Nathaniel Bacon’s Rebellion (1676-1677) was colonial America’s first rebellion against the British Crown. Brick House was already a place of importance, serving as the seat of the county courts. The New Kent County Clerk at the time, Thomas Hall, was one of Bacon’s lieutenants. For his part in the rebellion, Thomas was apprehended and transported up the Pamunkey River to the bustling colonial port located at Cumberland. It was Thomas’ misfortune that HMS AURORA was lying to in Cumberland. He was taken aboard the AURORA and hung from a yardarm. It was a short rebellion.

Pairings: This blend is food friendly. Try it with grilled, beef, duck, sausage, and lamb and hard as well as soft cheeses.

Sweet Beau

This wine is a blend of our first harvest of Norton grown on our farm and Chambourcin grown on our Shenandoah vines. This wine is slightly sweet with a hint of blackberry. It captures the personality of Gauthier Vineyard’s winery dog, Rochambeau (aka Beau), a Vizsla born in Crozet, VA. His smiling portrait is prominently featured on the label.

Pairings: This blend is good served with desserts, particularly fruit-based offerings as well as soft cheeses.

Gazebo Rouge

This wine is made from Chambourcin grapes grown on our vines in the Shenandoah. Chambourcin is a purple-skinned, French-American hybrid grape that is more readily available in the United States and Australia than in its homeland, France. It is one of the world’s most popular hybrid varieties, and is noted for its distinctive dark coloring and herbaceous aroma. Chambourcin wines are often spicy, with black cherry and plum flavors, and a range of herbal characters. Chambourcin’s exact parentage is unknown, but it is thought to be a crossing of native North American vines with a French hybrid. Its hybrid status prevents it from qualifying as a meritage blender. This version of Chambourcin wine is fermented in a slighty sweet style in response to requests from many of our regular guests. It is a spicy, easy drinking red wine with a sophisticated smooth finish.

Pairings: Chambourcin is another food friendly Virginia red wine. It will go well with a firm grilled fish, roast chicken, all the way up to beef and lamb dishes.

Aimee Renee Rose

This wine is our tart, off-dry Rose made from 100% Virginia Cabernet Franc grapes grown on our vines in the Shenandoah, resting on the grape skins for only one hour before being removed to fermentation. This wine is named for the owners’ eldest daughter, Aimee Renee Gauthier Stevenson. Subtle Cabernet Franc spices abound. It is a perfect Summer wine, enjoyed chilled. Gauthier Vineyard serves this Rose as both still and sparkling wines.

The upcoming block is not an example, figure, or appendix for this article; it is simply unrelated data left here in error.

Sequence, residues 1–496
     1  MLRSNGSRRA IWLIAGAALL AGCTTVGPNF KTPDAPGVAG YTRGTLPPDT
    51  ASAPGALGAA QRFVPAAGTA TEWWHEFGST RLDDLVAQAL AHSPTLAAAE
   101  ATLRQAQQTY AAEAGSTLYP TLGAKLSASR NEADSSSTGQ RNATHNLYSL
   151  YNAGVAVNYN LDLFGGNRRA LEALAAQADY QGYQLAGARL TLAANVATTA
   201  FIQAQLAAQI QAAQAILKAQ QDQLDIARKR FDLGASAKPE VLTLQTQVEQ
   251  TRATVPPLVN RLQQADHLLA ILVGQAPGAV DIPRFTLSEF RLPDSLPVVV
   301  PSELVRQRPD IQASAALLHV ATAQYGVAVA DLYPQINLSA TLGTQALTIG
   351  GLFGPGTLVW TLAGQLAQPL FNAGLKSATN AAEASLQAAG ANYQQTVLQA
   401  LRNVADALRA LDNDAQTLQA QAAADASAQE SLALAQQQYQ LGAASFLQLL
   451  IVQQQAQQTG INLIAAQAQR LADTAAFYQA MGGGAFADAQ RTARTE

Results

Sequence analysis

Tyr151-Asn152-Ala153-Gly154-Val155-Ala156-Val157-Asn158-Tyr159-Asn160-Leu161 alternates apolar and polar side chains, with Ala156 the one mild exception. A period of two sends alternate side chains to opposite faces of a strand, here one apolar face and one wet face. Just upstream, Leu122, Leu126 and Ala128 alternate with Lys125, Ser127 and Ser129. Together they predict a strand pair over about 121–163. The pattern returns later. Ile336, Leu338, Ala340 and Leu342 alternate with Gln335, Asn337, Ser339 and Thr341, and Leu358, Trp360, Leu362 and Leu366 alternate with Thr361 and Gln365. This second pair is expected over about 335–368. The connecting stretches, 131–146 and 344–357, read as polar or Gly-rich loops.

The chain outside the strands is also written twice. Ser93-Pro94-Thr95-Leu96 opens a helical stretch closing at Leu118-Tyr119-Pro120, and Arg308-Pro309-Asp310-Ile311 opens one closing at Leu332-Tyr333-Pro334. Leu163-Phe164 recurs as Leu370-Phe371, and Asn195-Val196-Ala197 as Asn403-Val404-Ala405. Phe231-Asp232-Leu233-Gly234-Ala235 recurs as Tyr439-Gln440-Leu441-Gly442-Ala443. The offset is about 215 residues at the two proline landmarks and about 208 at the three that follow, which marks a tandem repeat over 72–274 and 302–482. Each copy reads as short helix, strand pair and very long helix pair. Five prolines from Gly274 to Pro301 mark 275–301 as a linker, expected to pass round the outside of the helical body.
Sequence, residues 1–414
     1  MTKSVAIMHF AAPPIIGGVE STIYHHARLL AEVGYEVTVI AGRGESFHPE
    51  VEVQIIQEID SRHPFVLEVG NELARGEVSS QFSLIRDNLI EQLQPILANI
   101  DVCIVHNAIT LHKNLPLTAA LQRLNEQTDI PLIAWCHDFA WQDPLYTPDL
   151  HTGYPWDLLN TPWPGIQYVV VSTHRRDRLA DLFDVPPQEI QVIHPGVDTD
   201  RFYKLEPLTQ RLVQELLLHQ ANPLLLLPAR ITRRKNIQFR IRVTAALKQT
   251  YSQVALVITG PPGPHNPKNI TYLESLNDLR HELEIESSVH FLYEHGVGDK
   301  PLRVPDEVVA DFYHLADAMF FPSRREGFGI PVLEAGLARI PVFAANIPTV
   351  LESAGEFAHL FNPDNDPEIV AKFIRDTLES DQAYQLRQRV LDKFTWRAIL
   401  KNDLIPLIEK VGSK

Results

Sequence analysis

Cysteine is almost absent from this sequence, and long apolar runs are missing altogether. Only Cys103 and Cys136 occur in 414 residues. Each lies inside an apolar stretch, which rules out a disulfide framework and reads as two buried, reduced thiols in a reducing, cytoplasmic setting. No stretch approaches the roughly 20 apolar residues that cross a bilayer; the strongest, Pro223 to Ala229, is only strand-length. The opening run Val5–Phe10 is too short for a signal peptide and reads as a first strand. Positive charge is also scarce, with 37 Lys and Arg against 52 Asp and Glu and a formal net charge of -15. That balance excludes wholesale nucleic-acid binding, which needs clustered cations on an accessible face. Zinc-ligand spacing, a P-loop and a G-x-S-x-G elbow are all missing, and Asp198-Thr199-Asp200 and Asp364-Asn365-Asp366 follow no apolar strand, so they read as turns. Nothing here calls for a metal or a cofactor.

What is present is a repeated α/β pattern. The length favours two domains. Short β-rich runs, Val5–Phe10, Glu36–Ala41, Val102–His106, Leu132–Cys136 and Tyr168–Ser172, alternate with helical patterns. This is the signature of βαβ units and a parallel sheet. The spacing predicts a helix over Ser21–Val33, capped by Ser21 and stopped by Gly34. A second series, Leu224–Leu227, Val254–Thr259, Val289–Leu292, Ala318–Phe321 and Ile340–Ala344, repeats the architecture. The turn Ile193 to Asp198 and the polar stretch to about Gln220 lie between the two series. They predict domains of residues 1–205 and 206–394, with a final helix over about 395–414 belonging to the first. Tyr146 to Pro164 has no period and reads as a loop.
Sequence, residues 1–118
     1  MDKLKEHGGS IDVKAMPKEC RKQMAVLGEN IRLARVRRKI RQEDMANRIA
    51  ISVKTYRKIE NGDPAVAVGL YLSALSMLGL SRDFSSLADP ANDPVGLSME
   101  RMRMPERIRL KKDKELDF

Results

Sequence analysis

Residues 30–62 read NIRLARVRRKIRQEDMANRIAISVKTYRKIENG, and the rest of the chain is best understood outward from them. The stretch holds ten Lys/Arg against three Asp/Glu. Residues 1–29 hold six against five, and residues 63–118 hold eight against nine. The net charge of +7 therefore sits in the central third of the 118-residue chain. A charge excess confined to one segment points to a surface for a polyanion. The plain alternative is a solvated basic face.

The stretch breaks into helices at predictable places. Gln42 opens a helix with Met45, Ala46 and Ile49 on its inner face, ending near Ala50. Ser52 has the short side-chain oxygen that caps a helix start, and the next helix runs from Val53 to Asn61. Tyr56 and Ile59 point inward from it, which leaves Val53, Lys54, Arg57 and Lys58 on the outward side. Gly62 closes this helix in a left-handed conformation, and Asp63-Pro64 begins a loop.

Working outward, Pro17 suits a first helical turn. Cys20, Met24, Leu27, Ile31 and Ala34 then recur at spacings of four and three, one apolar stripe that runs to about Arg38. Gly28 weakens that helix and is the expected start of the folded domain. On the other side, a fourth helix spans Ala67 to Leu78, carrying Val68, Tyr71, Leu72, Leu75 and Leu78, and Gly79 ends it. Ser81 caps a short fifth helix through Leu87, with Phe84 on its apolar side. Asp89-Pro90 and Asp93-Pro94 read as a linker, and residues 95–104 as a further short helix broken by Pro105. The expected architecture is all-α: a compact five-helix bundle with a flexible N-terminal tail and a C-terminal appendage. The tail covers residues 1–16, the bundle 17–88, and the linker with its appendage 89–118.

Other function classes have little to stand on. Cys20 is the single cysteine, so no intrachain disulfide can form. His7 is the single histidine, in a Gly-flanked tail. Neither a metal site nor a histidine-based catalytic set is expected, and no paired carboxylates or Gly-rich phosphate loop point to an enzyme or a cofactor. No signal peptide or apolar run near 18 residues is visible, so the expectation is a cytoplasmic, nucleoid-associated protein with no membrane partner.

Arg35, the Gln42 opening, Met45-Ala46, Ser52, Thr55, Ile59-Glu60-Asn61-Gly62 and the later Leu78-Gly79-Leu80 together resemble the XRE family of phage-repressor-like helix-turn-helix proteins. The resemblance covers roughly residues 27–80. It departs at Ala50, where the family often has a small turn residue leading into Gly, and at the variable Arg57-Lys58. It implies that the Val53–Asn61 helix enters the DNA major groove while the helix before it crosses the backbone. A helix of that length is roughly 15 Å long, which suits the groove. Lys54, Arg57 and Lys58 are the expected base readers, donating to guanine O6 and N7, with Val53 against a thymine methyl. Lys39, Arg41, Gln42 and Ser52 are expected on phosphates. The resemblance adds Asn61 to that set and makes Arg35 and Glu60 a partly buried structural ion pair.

Pairings: This rose pairs well with light salads, light pasta and rice dishes, especially with seafood, raw and lightly cooked shellfish and grilled fish and goats’ cheeses. Perfect hot weather drinking.

Our Ports

Technically, unless made in Portugal, you cannot call your wine a “Port.” Port wine is a Portuguese fortified wine produced with distilled grape spirits exclusively in the Douro Valley in the northern provinces of Portugal. It is typically a sweet, red wine, often served as a dessert wine, though it also comes in dry, semi-dry, and white varieties. Gauthier Vineyard offers two port-style wines — a red and a white.

Lafayette’s Reserve

This white port-style wine is made from Viognier, fortified and aged in new French oak for ten months. Pear and peach aromas and flavors, unusual for Viognier, make this a special dessert wine.

Pairings: This white port-style wine pairs very well desserts such as cheese cake and crème brulee. One guest reports success in drizzling it over fruit filled crepes. Use your imagination.

Rochambeau “Starboard”

This fortified wine made from the Chambourcin grape is 17.5% alcohol (35 proof). After fermentation and aging in French oak for one year, it is fortified with grain alcohol to preserve its distinctive Chambourcin character before being transferred to retired bourbon barrels from a nearby distillery, where it rests for one year prior to bottling. The appellation “Starboard” is a play on words with starboard as the nautical term for the opposite side of the ship from the “Port” side.

Pairings: This red port-style wine pairs very well with chocolate, especially dark chocolate truffles. The soft rich texture, and earthy flavor of chocolate truffles goes well with the deep, fruity, slightly sweet flavor of this wine. In addition to chocolate, it goes well with blue cheeses and dried fruits.